Extensive scientific research documents that vegetated strips of land along water bodies provide extensive water quality and other environmental benefits. The science shows that development should be kept away from the water’s edge, wider protected strips provide greater benefits, forested buffers are more effective than grassy ones, and forested buffers in headwaters provide the greatest benefits of all.
Biodiversity encompasses the diversity of life – the varying and different species, genes and ecosystems of the Earth. The ongoing loss of biodiversity threatens human well-being and makes the need for conservation ever more pressing.
Land trusts and governments may tailor their land conservation work to help both reduce carbon in the atmosphere and mitigate the harm of climate change.
Forests, riparian buffers, wetlands and other natural lands are essential for the protection of water quality and aquatic habitat. The loss of forests, riparian buffers, wetlands and other natural lands increases the amount of pollutants and sediment in water, alters stream flows, erodes stream banks, eliminates habitat for aquatic and semi-aquatic animals, decreases the replenishment of groundwater supplies, and increases the frequency of both flooding and periods of low stream flows.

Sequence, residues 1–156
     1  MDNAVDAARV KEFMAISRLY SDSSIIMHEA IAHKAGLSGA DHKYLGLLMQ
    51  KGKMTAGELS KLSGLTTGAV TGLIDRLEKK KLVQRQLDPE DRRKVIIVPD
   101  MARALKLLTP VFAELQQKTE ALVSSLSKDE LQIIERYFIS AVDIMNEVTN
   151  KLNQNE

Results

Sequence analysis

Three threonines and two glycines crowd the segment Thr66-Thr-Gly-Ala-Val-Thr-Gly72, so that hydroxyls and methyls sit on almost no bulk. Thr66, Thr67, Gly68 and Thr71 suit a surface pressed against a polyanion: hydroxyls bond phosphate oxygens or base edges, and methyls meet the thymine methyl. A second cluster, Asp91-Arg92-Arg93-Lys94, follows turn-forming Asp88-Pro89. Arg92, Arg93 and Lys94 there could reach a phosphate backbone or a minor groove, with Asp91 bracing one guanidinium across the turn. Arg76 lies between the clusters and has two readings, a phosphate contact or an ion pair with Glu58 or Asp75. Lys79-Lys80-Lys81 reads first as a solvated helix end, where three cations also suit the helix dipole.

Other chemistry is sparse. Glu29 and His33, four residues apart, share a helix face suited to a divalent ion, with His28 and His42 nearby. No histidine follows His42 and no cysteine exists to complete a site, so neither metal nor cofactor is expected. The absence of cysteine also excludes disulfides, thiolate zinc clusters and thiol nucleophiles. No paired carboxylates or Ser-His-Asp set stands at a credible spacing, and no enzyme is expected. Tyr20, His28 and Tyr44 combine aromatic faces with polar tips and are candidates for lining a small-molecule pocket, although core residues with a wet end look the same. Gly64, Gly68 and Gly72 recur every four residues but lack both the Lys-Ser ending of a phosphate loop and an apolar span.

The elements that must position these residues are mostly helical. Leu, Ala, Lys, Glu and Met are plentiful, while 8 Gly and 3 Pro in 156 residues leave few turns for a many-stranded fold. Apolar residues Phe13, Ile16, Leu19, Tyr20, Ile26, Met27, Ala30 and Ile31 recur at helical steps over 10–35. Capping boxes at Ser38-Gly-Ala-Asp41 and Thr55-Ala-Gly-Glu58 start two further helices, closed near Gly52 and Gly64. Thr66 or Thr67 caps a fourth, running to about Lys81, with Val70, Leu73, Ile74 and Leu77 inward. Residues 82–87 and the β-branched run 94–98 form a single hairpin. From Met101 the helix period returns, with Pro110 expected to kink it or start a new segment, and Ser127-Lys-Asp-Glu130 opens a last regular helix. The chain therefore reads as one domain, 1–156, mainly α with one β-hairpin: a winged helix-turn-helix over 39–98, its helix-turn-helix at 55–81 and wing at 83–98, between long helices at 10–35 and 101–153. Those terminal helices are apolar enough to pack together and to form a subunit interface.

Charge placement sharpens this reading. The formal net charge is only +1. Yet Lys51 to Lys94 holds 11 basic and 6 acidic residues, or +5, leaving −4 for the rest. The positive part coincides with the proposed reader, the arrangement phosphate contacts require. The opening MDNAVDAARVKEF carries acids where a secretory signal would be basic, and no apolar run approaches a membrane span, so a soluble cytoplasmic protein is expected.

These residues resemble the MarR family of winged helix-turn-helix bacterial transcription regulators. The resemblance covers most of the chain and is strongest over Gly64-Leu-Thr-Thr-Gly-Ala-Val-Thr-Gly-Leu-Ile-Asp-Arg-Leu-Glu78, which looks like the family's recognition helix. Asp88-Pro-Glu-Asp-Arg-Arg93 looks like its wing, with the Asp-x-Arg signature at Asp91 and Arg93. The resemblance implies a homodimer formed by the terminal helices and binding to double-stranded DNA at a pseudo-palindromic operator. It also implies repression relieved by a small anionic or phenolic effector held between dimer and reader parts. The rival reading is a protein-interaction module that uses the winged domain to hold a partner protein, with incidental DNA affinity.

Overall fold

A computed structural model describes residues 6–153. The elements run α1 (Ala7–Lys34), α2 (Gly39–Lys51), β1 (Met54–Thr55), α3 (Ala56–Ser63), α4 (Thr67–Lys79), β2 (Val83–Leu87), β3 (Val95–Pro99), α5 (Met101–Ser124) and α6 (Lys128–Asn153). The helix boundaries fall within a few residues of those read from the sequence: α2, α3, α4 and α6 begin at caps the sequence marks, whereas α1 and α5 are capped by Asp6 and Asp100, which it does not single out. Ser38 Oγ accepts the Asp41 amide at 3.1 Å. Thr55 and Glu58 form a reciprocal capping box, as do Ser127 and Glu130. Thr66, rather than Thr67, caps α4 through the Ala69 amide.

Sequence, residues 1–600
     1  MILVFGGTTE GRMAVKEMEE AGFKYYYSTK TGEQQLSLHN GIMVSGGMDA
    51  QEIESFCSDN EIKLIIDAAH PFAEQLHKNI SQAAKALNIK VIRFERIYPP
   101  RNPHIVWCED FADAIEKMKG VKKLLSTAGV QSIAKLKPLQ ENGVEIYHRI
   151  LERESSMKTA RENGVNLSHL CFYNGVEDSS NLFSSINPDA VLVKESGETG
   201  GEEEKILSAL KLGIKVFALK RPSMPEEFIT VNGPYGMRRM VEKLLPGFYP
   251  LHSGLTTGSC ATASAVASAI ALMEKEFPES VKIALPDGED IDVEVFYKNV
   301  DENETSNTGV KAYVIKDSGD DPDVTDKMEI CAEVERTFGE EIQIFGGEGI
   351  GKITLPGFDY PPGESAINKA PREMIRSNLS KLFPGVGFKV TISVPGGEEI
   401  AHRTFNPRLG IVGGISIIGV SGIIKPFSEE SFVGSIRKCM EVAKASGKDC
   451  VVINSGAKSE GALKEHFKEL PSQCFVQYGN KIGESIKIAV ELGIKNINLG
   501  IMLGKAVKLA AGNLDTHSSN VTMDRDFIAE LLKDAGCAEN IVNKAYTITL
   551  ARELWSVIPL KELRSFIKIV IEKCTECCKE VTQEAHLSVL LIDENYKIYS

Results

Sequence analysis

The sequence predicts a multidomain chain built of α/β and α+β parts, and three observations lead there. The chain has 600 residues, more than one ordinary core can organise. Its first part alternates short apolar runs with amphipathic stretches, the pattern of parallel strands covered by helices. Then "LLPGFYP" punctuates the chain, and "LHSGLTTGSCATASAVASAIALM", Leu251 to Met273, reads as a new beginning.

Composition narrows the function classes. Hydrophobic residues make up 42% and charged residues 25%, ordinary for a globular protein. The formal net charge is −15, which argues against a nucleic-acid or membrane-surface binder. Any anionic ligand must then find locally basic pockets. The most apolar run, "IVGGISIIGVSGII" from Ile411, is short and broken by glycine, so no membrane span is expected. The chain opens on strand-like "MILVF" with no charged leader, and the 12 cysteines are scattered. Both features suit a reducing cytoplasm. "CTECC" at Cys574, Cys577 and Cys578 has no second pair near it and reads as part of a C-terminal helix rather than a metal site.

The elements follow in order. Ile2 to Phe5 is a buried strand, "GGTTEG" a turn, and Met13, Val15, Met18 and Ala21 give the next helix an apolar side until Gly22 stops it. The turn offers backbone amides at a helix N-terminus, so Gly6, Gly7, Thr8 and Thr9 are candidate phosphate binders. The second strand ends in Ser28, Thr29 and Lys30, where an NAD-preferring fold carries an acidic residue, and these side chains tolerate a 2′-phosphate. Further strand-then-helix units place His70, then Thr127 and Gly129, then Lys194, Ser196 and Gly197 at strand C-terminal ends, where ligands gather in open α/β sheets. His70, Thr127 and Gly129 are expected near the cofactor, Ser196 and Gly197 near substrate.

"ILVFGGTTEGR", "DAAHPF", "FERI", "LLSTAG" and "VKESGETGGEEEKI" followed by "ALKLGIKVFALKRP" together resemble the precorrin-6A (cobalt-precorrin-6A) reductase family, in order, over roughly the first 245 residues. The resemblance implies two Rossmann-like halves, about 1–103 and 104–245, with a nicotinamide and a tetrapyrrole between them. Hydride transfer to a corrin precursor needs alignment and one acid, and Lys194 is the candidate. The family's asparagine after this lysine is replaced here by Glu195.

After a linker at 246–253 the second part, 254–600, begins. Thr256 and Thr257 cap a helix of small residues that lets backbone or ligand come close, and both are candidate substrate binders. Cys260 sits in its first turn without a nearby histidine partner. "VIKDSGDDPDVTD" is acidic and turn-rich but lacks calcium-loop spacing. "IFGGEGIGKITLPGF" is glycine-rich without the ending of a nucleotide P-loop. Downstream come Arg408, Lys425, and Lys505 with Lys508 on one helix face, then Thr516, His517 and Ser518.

A number of carbon offset programs are problematic. Nevertheless, it is sensible to ensure that newly drafted grants of conservation easement clearly permit offset projects (whether or not such projects ever materialize).
Extensive scientific research documents that vegetated strips of land along waterways provide extensive water quality and other environmental and economic benfits.